Vista may mark OS revolution

I'm obstinate. It's a character flaw. But it's deeply ingrained, so when everyone started pumping out Vista Beta 2 reviews I was determined to hold my head up high and not bother. Until someone in command pointedly asked me why I'd ignore something like that if the column's purpose was Windows in the enterprise.

Fine, damn it. Because we had some downtime before the upcoming 10-gig switch test at the ANCL Lab in Honolulu, I decided to use it -- and Contributing Editor Brian Chee's infrastructure -- to test my fresh Vista Beta 2 ISO. Except Brian told me to take a flying leap when I suggested approaching his humming Linux workstations with my fresh Microsoft meat.

So instead, I bundled up my hardware-heavy Acer Aspire 9500 notebook and shipped it to Honolulu to kill the XP and resurrect it as Vista. (Fortunately, I shipped it solo, as UPS sent the rest of my ANCL-bound boxes to Australia. Hugely competent.) When I got there, Brian had set up an out-of-service Opteron server with a new video card as another Vista-risking machine, so I got to do some basic testing on what Vista's real hardware requirements are.

As to my experiences with the new operating system itself, well here goes. First, you're blinded by Aero. This is Microsoft's new desktop user interface, and it's definitely slick: new 3D effects as part of the basic desktop scheme as well as a neat transparent effect that allows you to look through unused window panes to open windows beneath. It's very cool and obviously a we-need-to-be-cooler-than-OS X feature.

Things get even slicker when you flick the Win+Tab buttons. This turns windows on their sides to get a 3D scrolling effect across all open windows. Selecting among them is a simple mouse click away. This is especially cool when you're running a Flash video in a Web browser or an AVI in Windows Media Player and then flip it on its side -- the video keeps on running. Microsoft has also included desktop widgets a la Yahoo's Widgets (Microsoft calls them Gadgets), but so far these are mere toys and will undoubtedly annoy the average IT administrator enough to tempt many of them simply to turn the feature off.

More downside? A Schwarzenegger-esque flexing of the video card is pretty much a requirement simply to run Aero. Happily, if you're not into that, you can opt to turn the environment off in favor of more classic Windows desktop designs.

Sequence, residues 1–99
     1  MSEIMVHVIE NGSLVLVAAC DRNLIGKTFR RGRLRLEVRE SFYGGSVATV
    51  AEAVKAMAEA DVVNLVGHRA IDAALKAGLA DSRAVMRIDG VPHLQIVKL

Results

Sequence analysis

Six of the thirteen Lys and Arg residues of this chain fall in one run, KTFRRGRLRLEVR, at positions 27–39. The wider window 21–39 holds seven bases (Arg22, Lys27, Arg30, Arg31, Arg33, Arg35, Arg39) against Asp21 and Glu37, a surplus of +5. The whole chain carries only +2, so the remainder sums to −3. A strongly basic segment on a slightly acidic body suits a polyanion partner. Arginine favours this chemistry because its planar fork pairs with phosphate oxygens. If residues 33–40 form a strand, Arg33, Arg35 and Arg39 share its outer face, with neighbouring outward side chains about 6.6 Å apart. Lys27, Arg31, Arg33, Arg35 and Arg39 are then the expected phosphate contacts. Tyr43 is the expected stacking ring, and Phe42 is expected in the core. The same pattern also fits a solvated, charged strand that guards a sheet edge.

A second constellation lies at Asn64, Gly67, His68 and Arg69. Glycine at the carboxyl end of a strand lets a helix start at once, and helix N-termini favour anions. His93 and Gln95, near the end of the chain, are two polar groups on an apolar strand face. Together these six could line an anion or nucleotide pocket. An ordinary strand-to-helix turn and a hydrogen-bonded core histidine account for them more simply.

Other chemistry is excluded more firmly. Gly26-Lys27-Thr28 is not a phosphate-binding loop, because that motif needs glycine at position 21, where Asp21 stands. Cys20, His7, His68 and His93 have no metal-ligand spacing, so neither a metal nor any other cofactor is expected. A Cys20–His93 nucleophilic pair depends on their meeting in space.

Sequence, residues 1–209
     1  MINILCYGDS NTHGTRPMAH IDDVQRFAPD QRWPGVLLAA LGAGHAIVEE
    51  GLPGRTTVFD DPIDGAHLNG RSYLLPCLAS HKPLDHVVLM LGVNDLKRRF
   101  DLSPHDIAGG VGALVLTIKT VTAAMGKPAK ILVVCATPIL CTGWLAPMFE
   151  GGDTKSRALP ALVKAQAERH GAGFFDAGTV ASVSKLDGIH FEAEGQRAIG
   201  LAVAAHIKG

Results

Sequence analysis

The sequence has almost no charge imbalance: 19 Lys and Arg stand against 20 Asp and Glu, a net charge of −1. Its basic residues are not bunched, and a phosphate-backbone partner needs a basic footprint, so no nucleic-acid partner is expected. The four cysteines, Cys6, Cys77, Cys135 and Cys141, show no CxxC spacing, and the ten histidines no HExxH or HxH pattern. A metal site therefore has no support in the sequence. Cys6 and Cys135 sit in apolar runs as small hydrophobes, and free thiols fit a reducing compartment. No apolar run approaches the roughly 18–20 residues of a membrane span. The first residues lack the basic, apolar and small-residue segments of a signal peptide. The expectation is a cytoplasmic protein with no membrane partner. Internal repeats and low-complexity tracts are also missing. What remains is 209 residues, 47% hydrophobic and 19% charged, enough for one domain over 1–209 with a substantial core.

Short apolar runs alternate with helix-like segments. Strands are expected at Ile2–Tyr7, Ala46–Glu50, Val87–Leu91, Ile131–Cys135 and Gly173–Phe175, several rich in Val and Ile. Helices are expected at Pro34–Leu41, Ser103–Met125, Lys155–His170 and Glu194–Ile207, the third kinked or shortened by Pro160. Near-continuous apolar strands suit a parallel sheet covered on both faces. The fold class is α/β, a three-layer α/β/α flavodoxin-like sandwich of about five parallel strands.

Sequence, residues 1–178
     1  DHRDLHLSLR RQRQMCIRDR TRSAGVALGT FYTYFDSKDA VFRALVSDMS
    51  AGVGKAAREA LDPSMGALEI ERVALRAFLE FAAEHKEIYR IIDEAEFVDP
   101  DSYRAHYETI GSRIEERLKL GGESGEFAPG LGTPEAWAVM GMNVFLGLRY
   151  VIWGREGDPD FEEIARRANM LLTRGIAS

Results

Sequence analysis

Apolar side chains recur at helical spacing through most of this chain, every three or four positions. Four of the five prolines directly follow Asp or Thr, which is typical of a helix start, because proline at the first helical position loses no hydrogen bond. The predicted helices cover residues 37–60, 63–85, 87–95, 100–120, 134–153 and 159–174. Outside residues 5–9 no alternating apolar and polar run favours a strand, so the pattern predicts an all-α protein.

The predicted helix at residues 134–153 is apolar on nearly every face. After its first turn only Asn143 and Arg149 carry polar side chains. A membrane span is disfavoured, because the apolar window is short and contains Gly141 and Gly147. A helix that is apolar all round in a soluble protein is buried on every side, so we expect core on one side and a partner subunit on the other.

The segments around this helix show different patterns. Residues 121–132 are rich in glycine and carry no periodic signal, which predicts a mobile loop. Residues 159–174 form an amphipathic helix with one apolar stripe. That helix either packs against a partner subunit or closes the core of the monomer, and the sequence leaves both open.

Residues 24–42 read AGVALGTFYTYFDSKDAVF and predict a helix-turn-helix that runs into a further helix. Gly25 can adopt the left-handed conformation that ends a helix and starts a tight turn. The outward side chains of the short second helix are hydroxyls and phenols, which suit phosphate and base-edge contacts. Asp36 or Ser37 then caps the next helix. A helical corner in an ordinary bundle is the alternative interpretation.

I also like the new network configuration tools. These are based in the new Network Center and still work similar to the old ones. New features include a small network topology diagram, which can be handy for smaller workgroups, although possibly annoying in really large installations. Diagnosing a network problem is a much more wizard-driven process than even Windows XP offers, but I'm still not impressed with its problem-finding capabilities. Most network issues are weird, and these types of tools can really only be definitive about the obvious stuff -- network cable unplugged, can't ping the router, and so on. Anything more strange than that and they're out of their element.

Security is also a big change in this release, and here I really am impressed. For one thing, user account management got a lot more Unix-like in its conception. Microsoft has built-in a UAC (User Account Control), which keeps track of all accounts on the system. Administrator is the equivalent of a Unix root account and just like under Unix, Microsoft recommends not running the Admin account as a daily log-on -- especially for end-users. That way, if a user attempts to access admin-only functionality, the system blocks the attempt. From there, the user can either cry to the network administrator or can log in with admin credentials if the user has them. Fortunately, the user won't have to bother logging out and then in again; the user can simply use the "runas" command to use admin credentials for the duration of that particular operation (another Unix-like command).

Yet more UAC sweetness is that whenever passwords are entered or user management is performed, the Vista desktop automatically switches into Secure mode. This locks out remote-control functionality and makes things such as Trojans or keyloggers impossible to run. I'll need to test this to be sure, but if it works I thought it was very slick.

I'm out of space already, so this will have to be a two-parter into next week's column. But without spoiling things for next week, so far I'm highly impressed by what Vista is trying to become. Some pooh-poohers are billing this as an evolutionary upgrade rather than a revolutionary one, but honestly, after looking at for a couple of weeks now I've got to say I'm leaning more toward revolutionary. This is a ground-up redesign, and it really shows. More next week.

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Oliver Rist

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